Get to know the songs, follow the artists, and learn why they’re part of The Variable Life Soundtrack.
Discover and follow the artists on The Variable Life Soundtrack
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1. “Dive Deep” by Andrew Belle
Andrew Belle is an artist I’ve revisited every couple years, and his sonic and songwriting evolution keeps me curious about where he’ll go next. I’m thrilled to include “Dive Deep” on this compilation because of its steady, melodic fusion of atmospheric synth and guitars with anchoring rhythm.
Lyrically, it’s a great fit for TVL Soundtrack because of its invitation to examine emotions, self, and relationships: “This is my heart; dive deep.” Watch for Belle’s new album in 2017.
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2. “Let Loose” by Bora York
Hailing from my college city—Minneapolis, Minnesota—Bora York brings seriously fun groove. Intertwining lead female and male vocals enhance the already cohesive sound, and “Let Loose” is a fine, energetic track for any summer drive playlist.
“Never say never.” Embrace change and take new risks.
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3. “Ray Gun” by Lovedrug
Lovedrug is particularly meaningful for me on this compilation because one of their albums got me through a fantastically terrible job (which I write about in the book). Their emotionally textured alternative rock with distinct lead vocals takes me back to those moments of struggle and hoping for the next stage in my life.
“My body is calling on a love that I never knew…” speaks to the indescribable sense we get when we’re in love, when we’re meant to live for something bigger, and when we know there’s a better path we must explore.
4. “Want” by Author
Comprised of a few guys from my hometown—Rochester, Minnesota—Author brings musical maturity beyond their years. Each angle of instrumentation deserves careful attention. Their brand of yearning, just-experimental-enough indie rock carries perfect conditions for the overcast days you want to acknowledge the dark side of life, yet still remain hopeful enough to make it to tomorrow.
For every one of us who’s been in the ambiguous territory of relationships, simultaneously wanting to stay together and end it immediately for all the emotional turmoil it causes: “Tell me now what I’ve been waiting for / Think of all the things that could be / Can you learn to live without me.” Relationships are hard; working through the conflict is what brings clarity, one way or the other.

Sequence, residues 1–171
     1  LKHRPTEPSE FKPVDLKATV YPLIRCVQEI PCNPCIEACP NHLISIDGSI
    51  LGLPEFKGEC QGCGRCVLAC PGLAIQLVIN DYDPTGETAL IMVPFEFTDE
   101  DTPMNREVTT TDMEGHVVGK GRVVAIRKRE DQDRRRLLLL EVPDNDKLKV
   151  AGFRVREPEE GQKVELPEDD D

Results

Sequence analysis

5. “In the Quiet (acoustic)” by Almighty American
Almighty American, moniker of Americana-leaning storyteller Michael Gay, is a special addition to this compilation because we were classmates years ago.
Today’s bustling world of smartphone slavery and constant productivity hacks isn’t sustainable. Almighty American knows that and invites listeners to find a simpler, honest, refreshing way to live. As a singer/songwriter in Minneapolis, he’s crafted deliberately stripped-down music on his latest EP to capture the raw emotions and, hopefully, the possibility of empathy for others.
Sweet words any introvert will relish (and even some frazzled extroverts and ambiverts): “In the quiet I can live and feel alive / In the quiet I can sleep to get my fill / … In the quiet, I’ll live happy on my hill.” Read this song’s backstory. Stay tuned for the full album, “Songs With Legs,” in 2017.
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6. “Jenny’s Room” by Hoyle
Florida-based Hoyle blends pop sensibility and steadying electronic elements in their take on alternative rock. Over their past several releases, lyrical hooks and consistent energy give listeners good reason to pay attention without becoming overwhelmed.
“Jenny’s Room” drives with 1980s nostalgia and an ominous warning of what our current relationships could become if left unchecked. “Tell me the truth / Don’t you lie” is as necessary and difficult as it’s ever been. Catch the new album, “Jenny’s Room,” out now.
7. “Get Outa My Way” by The Exit Sound
Project of prolific musician and producer Lucas Hogg, The Exit Sound hits all the marks for modern energetic alternative jams without being trite. Lyrically self-aware party playlist material, “Get Outa My Way” offers Passion Pit-esque synths and layered vocal flourishes to form a put-it-on-repeat head-bobbing track.
Wrestling with self-doubt, seeking clarity, and navigating social expectations makes this a great complement to themes in The Variable Life: “A subtle whisper in my ear / breaks the moment of this fear / I have to get through the path that’s not so clear.”
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8. “Think About” by Jon Yoko